Did you know that turtles have belly buttons?
It's true, but only for around 3 days.
When they first hatch they have a belly button that slowly closes over the next 3 days.
On the Sri Lankan coast, about an hour and a half South of Colombo is Kosgoda. It seems the beaches of Kosgoda are a fantastic place to lay your eggs if you are a turtle.
There are various research centres and turtle hatcheries in the area and in May 2019 we (Nikki and Nicola) visited the Victor Hasselblad Sea Turtle Research & Conservation Centre and were shown around by our lovely guide Daminda.
There are 5 different types of turtles that come ashore, the most common being the green turtle and the loggerhead turtle.
Mothers come ashore to lay their eggs at night and to protect the eggs, the conservation team collect the eggs and bring them into the hatchery.
It takes 48 - 62 days for the turtles to hatch. The temperature of the sand determines the sex of the turtle - warm sand is for females, cooler sand for males.
When they hatch at night, there is a light shining in the hatchery and the turtles crawl towards the light. If they hatched on the beach the sea would be lit up by the moon and stars, so it’s as though they are crawling towards the sea. Instead of the ocean, they then fall into a concrete box with sand where in the morning they get collected and put into a tank.
There are 3 tanks – one for day old turtles, another for 2 day olds and a third for 3 day olds. The turtles get moved each day.
Turtles are most vulnerable in the first 3 days and by day 3 not only is their belly button closed, their shell is harder.
Turtle hatchery with labelled nests.
Pond with day old baby turtles
After 3 days they are released - they are placed on the sand and the turtles then crawl into the ocean.
This is an important part as turtles return to lay their eggs on the same beach where they were born. If you place them directly in the water, they don't know which beach they came from.
From here, scientists are not sure what turtles do until 20 - 50 years later when they mate and return to lay their eggs. The adolescent years of a turtle are a mystery.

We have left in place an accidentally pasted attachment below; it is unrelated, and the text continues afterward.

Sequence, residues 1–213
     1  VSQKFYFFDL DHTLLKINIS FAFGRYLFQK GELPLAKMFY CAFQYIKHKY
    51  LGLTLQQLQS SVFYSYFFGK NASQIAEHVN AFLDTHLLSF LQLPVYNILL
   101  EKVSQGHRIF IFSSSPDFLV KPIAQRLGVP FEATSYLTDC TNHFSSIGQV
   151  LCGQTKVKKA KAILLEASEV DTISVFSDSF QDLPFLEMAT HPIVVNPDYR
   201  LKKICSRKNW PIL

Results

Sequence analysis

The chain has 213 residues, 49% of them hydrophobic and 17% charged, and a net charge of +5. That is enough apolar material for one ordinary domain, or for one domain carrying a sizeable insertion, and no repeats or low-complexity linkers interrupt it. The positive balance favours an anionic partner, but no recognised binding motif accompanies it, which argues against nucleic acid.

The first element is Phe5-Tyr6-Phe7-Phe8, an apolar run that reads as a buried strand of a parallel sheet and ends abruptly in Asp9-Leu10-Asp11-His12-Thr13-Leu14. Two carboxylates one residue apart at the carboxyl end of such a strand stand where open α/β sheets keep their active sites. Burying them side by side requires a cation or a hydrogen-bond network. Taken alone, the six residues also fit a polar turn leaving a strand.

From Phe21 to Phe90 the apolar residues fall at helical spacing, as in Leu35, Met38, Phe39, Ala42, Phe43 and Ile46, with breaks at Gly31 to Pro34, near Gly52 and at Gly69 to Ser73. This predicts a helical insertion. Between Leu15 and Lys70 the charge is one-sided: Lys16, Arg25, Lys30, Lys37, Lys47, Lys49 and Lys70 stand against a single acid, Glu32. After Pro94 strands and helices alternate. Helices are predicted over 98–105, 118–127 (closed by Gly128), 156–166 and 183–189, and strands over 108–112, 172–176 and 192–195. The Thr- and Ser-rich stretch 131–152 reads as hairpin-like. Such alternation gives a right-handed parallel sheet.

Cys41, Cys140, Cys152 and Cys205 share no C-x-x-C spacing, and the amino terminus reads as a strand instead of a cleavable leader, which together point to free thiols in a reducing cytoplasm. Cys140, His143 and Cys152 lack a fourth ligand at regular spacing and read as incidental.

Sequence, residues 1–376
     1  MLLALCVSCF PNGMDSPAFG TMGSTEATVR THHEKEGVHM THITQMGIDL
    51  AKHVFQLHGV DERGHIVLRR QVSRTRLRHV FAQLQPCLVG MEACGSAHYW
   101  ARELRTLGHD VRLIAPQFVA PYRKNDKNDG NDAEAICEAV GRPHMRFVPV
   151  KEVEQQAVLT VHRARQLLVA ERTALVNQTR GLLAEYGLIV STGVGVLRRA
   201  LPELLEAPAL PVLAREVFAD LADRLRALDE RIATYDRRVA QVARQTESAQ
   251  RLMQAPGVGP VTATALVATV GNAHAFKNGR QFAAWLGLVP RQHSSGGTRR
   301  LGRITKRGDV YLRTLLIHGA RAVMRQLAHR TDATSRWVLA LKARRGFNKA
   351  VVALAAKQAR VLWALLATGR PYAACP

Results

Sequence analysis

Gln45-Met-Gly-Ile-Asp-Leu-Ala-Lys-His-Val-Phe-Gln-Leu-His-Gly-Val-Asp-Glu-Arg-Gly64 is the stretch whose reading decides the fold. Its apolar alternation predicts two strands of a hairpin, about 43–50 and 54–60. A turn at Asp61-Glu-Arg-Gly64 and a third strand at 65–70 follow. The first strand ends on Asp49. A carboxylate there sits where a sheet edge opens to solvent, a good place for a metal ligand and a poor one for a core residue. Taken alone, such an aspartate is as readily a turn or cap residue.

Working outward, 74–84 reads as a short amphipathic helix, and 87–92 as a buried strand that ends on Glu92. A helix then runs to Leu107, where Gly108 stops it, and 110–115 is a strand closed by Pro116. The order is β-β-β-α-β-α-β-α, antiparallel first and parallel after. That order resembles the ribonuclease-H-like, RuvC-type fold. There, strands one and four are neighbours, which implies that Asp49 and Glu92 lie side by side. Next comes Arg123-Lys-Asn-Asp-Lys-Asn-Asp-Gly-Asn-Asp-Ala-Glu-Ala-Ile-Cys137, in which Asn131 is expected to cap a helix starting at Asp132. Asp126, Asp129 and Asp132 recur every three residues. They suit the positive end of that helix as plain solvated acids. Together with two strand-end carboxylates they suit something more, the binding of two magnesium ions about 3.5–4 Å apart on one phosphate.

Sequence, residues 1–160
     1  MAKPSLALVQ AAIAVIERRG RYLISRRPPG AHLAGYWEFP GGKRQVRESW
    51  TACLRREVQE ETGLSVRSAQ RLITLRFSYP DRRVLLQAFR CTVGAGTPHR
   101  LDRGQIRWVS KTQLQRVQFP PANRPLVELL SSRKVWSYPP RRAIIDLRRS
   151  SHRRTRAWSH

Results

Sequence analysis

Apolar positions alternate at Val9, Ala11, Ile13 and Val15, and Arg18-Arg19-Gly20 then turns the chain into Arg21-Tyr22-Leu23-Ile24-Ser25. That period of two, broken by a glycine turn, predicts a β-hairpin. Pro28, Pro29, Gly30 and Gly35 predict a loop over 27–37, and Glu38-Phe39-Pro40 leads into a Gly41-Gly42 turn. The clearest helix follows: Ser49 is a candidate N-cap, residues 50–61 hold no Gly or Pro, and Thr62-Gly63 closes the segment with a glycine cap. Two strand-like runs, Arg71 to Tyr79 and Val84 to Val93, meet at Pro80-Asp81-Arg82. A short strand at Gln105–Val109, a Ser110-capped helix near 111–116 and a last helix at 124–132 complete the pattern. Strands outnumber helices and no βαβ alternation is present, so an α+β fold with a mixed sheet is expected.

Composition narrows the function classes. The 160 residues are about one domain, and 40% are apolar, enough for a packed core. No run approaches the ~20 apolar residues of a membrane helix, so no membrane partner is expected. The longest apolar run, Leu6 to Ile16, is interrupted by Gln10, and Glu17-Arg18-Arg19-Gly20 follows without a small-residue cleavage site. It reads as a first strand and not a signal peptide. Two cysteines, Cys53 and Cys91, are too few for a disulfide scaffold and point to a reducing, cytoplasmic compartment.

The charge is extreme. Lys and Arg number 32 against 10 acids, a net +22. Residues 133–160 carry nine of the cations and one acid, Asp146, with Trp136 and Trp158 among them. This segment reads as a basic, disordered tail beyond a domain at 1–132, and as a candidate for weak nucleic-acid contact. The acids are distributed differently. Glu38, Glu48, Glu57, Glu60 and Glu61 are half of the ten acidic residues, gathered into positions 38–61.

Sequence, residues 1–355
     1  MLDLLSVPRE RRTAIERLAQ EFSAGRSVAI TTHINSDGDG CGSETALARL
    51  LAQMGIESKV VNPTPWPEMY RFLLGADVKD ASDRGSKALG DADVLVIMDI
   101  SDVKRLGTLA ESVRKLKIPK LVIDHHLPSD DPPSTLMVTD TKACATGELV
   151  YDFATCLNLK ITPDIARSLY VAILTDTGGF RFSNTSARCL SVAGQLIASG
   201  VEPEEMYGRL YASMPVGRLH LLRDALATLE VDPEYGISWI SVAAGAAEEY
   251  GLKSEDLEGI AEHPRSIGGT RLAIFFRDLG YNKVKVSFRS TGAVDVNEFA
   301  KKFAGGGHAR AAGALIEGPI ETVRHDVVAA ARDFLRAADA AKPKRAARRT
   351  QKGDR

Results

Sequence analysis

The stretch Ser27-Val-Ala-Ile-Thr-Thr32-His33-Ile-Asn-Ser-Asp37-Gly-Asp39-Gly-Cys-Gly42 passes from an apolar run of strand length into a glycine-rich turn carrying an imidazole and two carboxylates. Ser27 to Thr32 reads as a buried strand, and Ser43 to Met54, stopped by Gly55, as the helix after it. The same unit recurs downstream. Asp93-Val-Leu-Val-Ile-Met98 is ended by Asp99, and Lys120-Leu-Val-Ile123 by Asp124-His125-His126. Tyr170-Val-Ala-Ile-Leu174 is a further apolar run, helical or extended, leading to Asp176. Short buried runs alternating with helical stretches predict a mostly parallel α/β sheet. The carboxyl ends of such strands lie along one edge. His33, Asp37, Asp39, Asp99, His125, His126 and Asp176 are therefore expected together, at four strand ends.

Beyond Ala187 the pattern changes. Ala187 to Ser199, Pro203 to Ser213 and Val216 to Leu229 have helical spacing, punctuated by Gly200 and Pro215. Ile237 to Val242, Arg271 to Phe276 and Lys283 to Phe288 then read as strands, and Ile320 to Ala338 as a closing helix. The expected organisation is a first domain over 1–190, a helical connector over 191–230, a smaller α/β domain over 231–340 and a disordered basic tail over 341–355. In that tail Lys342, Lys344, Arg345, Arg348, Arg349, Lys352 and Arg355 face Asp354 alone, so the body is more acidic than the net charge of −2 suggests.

Hospital and research centre
There is also a hospital at the hatchery for deformed and injured turtles that wouldn't otherwise be able to survive in the wild. Some are missing an arm or a leg, some have deformed shells. Some injuries are from propellor boats, fishing nets or shark attacks. The ones that recover will be released back into the wild, otherwise, they have a new home and will stay at the centre.
With Sri Lanka being predominantly Buddhist, they believe every creature should stay alive and so they do their best to keep them alive.
Partially albino turtles
Fully albino turtle
The centre is even home to rare albino turtles. These are kept at the centre as they would not survive in the wild - they are too bright and would be gobbled up.
There are partially albino turtles, where the turtle is white and the shell has some dark markings. Around 1 in every 100,000 turtles are estimated to be partially albino.
A full albino turtle is very rare - this is where the shell is also white and occurs only around every 1 in 1,000,000 turtles.
A few turtles are kept at the centre for research and once the research is complete they are returned to the ocean.
We had a fantastic time at the centre and highly recommend a visit. This can be added to any Travelbay Sri Lanka Tour.
And if you love turtles, Borneo is another great spot to visit a turtle conservation centre, Selingan Island is home to a very successful breeding program where at night you can watch the turtles lay their eggs.
Thanks to Daminda and the team at the Victor Hasselblad Sea Turtle Research & Conservation Centre. You guys do an awesome job.
Travelbay Sri Lanka Tours
If you would like a chance to visit the turtle hatchery (as well as many other delights that await you in Sri Lanka), below are some of Travelbay's most popular Sri Lanka tours. Or to see the full collection of Sri Lanka tours, click here.